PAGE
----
By Peter Murphy
BOGOTA (Reuters) - Colombia's Marxist FARC rebels have freed a soldier captured during an attack on a military patrol last week in which five other troops were killed, the group said on Friday.
The soldier was captured by the FARC, or Revolutionary Armed Forces of Colombia, while soldiers patrolled a road in the southwestern province of Cauca shortly after the group had bombed it.
"The soldier Carlos Becerra Ojeda has been liberated today by the guerrillas of the Jacobo Arenas column of the FARC. This took place in a rural zone in the municipality of Jambalo (Cauca)," the group said in a statement.
He was released to a delegation comprising members of the International Red Cross, and of representatives from the Colombian, Cuban and Norwegian governments. Cuba and Norway are guarantors in peace talks between the rebels and Colombian government that have been ongoing since late 2012.
"We hope this liberation demonstrates the irreversible decision to end the conflict and that this type of happening does not occur again," President Juan Manuel Santos wrote on Twitter.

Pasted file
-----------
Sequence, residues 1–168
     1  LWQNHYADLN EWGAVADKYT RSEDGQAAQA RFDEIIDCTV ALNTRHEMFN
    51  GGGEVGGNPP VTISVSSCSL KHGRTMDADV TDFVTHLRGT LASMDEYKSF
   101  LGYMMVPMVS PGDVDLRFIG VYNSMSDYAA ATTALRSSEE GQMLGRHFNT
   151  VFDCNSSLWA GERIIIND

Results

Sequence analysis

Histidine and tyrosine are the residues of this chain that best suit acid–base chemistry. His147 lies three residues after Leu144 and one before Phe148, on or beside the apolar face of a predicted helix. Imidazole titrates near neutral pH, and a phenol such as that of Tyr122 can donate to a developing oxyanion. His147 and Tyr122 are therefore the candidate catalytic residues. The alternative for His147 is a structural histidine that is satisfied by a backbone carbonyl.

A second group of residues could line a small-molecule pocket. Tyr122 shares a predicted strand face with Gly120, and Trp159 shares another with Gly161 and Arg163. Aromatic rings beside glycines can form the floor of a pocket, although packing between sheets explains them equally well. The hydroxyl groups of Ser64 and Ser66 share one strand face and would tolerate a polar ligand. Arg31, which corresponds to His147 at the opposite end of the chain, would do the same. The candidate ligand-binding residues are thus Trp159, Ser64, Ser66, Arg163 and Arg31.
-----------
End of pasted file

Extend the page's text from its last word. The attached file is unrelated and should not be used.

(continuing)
The FARC began a pre-announced ceasefire at midnight last Friday, hours after the Cauca attack. The group has halted combat temporarily over the Christmas period in the last few years but this time announced the ceasefire would be indefinite.
The ceasefire is conditional upon confirmation by an impartial international entity, and will end if the FARC come under attack by government troops, the rebels said.
The government has said it will not agree to such confirmation until later in the peace talks. It responded vaguely to the FARC's other demand that the army not attack, again citing its constitutional duty to protect Colombians. The FARC has proceeded with the ceasefire nonetheless.
In a statement on Thursday, the FARC said 2015 would be "definitive" for peace amid progress in negotiations with the government launched by President Santos in 2012, in the latest of several conciliatory statements by the rebels.
The sides have reached partial deals on land reform, the FARC's future participation in politics, and how to end the drug trade. The tricky points of victim compensation and how to end the armed conflict have yet to be agreed on.
The FARC was formed in 1964, mushrooming out of a peasant movement demanding land reform and has fought successive governments in a mainly rural conflict that has killed more than 220,000 and uprooted millions from their homes.
(Reporting by Peter Murphy; Editing by Richard Chang)